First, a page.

Gov. Tim Pawlenty "crossed the line" when he unilaterally cut some $2.7 billion in state funds this summer to balance Minnesota's budget, a judge ruled Wednesday.
Technically, the ruling by Chief Ramsey County District Judge Kathleen Gearin reinstates a sliver of Pawlenty's cuts — part of a $5.3 million food program for the poor — but her words could have greater ramifications.
The ruling threatens to undo Pawlenty's "unallotment," a dismantling of parts of state programs approved by the Legislature as part of the 2010-11 budget process. However, Gearin urged the Legislature and governor to work out their differences when lawmakers convene Feb. 4 for the 2010 session. Another court hearing is scheduled for March 1.
Unallotment itself isn't unconstitutional, Gearin ruled, but how Pawlenty used it "trod upon the constitutional power of the Legislature."
"The authority of the governor to unallot is an authority intended to save the state in times of a previously unforeseen budget crisis," Gearin wrote. "It is not meant to be used as a weapon by the executive branch to break a stalemate in budget negotiations with the Legislature or to rewrite the appropriations bill."
Gearin wrote that Pawlenty "crossed the line between legitimate exercise of his authority to unallot and interference with the legislative power to make laws."
Democrats declared it a victory.
"Today's ruling represents a victory for all Minnesotans concerned about the
Gearin on Wednesday granted their request for a temporary restraining order that should result in the state paying out roughly a quarter of the $5.3 million in cuts to the program within two weeks, according to court papers and Galen Robinson, the attorney who handled the case for the plaintiffs.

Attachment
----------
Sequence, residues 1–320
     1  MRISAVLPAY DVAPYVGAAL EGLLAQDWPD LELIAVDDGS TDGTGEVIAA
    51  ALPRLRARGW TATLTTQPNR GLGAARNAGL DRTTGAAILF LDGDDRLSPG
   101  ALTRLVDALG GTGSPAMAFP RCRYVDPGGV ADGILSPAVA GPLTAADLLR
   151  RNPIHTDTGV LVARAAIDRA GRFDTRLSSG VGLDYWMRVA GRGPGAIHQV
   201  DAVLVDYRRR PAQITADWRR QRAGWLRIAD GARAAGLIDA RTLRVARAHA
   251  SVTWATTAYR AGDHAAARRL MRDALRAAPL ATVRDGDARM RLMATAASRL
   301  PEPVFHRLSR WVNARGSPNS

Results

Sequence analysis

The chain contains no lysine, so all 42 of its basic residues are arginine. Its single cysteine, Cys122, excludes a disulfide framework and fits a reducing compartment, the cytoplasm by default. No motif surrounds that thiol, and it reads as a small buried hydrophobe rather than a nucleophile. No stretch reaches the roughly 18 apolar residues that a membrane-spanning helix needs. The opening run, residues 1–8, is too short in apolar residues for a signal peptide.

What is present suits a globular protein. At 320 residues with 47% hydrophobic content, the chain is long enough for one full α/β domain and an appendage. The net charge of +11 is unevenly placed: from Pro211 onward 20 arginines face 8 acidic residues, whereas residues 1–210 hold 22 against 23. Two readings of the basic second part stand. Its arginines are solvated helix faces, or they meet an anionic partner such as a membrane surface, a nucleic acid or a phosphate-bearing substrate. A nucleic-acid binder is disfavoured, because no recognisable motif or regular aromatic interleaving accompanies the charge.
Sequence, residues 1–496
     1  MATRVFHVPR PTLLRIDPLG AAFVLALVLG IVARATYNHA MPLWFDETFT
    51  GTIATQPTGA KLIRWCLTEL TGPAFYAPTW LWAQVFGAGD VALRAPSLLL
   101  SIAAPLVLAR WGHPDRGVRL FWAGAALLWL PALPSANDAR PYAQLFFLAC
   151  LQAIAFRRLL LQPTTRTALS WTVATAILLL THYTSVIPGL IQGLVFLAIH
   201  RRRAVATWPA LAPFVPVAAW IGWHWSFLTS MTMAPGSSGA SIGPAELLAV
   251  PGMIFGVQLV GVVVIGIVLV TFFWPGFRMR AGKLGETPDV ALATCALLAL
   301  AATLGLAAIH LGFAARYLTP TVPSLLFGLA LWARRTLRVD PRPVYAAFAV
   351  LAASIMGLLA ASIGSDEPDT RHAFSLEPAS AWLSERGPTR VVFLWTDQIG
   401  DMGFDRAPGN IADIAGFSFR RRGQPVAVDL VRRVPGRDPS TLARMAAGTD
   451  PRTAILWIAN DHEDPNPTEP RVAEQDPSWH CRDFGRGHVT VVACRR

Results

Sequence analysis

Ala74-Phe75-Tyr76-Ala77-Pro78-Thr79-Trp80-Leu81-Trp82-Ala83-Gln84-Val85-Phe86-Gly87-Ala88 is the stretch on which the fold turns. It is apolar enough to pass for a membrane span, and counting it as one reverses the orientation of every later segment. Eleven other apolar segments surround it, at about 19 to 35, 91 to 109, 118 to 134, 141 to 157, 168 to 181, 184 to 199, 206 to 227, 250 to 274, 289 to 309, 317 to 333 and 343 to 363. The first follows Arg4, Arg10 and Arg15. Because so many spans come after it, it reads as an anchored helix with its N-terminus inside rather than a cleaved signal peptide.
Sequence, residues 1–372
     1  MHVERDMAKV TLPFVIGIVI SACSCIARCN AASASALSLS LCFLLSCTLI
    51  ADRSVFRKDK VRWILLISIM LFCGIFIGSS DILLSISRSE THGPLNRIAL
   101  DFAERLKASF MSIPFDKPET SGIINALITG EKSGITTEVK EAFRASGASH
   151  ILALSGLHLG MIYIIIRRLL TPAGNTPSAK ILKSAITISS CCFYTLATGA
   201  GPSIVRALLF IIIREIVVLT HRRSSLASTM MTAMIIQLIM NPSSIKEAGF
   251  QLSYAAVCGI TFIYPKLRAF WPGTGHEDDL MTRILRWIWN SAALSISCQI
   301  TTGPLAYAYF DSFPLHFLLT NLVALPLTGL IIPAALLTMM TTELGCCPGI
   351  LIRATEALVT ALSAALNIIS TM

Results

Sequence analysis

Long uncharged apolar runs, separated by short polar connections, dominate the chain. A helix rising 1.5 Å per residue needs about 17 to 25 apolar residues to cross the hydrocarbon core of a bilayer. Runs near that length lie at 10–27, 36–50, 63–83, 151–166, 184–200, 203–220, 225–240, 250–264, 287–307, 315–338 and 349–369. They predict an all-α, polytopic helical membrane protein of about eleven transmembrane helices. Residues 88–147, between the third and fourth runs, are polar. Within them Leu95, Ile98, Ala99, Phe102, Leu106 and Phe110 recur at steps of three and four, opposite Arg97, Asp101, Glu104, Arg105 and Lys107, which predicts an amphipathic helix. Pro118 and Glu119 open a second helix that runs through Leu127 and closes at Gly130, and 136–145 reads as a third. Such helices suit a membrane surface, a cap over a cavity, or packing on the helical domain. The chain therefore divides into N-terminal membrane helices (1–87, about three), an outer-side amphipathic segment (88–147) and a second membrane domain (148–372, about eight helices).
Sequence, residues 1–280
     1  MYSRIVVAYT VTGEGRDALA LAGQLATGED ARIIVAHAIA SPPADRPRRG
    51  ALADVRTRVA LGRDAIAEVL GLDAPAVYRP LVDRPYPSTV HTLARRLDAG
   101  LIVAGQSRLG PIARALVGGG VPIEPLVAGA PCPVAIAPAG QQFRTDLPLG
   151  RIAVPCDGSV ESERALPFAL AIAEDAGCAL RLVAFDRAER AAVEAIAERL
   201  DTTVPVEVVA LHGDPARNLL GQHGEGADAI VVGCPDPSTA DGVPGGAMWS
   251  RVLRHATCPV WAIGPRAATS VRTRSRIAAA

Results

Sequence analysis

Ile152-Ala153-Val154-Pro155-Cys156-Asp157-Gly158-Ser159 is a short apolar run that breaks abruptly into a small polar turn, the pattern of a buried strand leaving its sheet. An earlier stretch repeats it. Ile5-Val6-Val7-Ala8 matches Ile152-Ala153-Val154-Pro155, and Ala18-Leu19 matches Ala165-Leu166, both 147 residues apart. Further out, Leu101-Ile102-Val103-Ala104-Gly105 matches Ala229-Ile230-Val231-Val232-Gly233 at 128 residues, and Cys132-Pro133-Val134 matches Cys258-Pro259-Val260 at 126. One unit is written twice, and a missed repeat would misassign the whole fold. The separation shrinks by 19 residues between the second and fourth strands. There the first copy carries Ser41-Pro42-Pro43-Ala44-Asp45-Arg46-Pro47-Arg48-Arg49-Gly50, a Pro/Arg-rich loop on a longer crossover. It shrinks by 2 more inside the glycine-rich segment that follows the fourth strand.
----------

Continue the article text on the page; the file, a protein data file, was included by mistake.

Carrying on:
"On behalf of our clients, we're just elated," said Robinson, litigation director of Mid Minnesota Legal Assistance. "What this decision really means is they're going to be able to buy the food they need to be healthy."
Robinson and Kelliher said Gearin's ruling could open the door for other would-be recipients of funds Pawlenty unallotted to bring suit.
But Kelliher said she hoped the governor and legislators could agree on a budget before such cases make it very far into the court system. "Hopefully, we can come together as Minnesotans to really be equal partners in problem-solving," she said.
In her ruling, Gearin said that wasn't an enviable task.
"Difficult decisions that will be painful to many citizens will have to be made by the executive and legislative branches in order to deal with the continuing budget crisis in this state," she wrote. "Those budget and policy decisions are not the business of the courts unless they are made in a way that violates the Constitution."
That could mean many of the programs Pawlenty unallotted still will end up getting no state funds.
"We don't have a crystal ball," Robinson said. "We don't know what the outcome will be."
Emily Gurnon contributed to this report, which includes information from the Associated Press. Dave Orrick can be reached at 651-292-1159.
Disclaimer: Affiant Sharon Scarrella Anderson Political Activist and Prisioner 1997
In the Process of Reading Files:
http://www.mncourts.gov/district/2/... HOPEFULLY GEARIN must be on the HOT SEAT IN HER Official Capacity of Chief Judge Ramsey Co, but also in her SECRET CAPACITY AS COMMITTMENT JUDGE, on the SCAP Panel
Has Gearin overstepped her Judicial Authority by legislating from the bench, her apparant Conflict, Committing numerous persons with Drug Alcohol,Drug Addictions with Special Diets etc.
Food Allowance to the State Institutions,Prison's etc. over and above a few indiviuals.
What the Secret Committment Court has Cost the State of MN is incomprehensible re: www.lufsky.blogspot.com Death,Disability,Disparagment of Titles re Intestate Decedant www.cpljimanderson.blogspot.com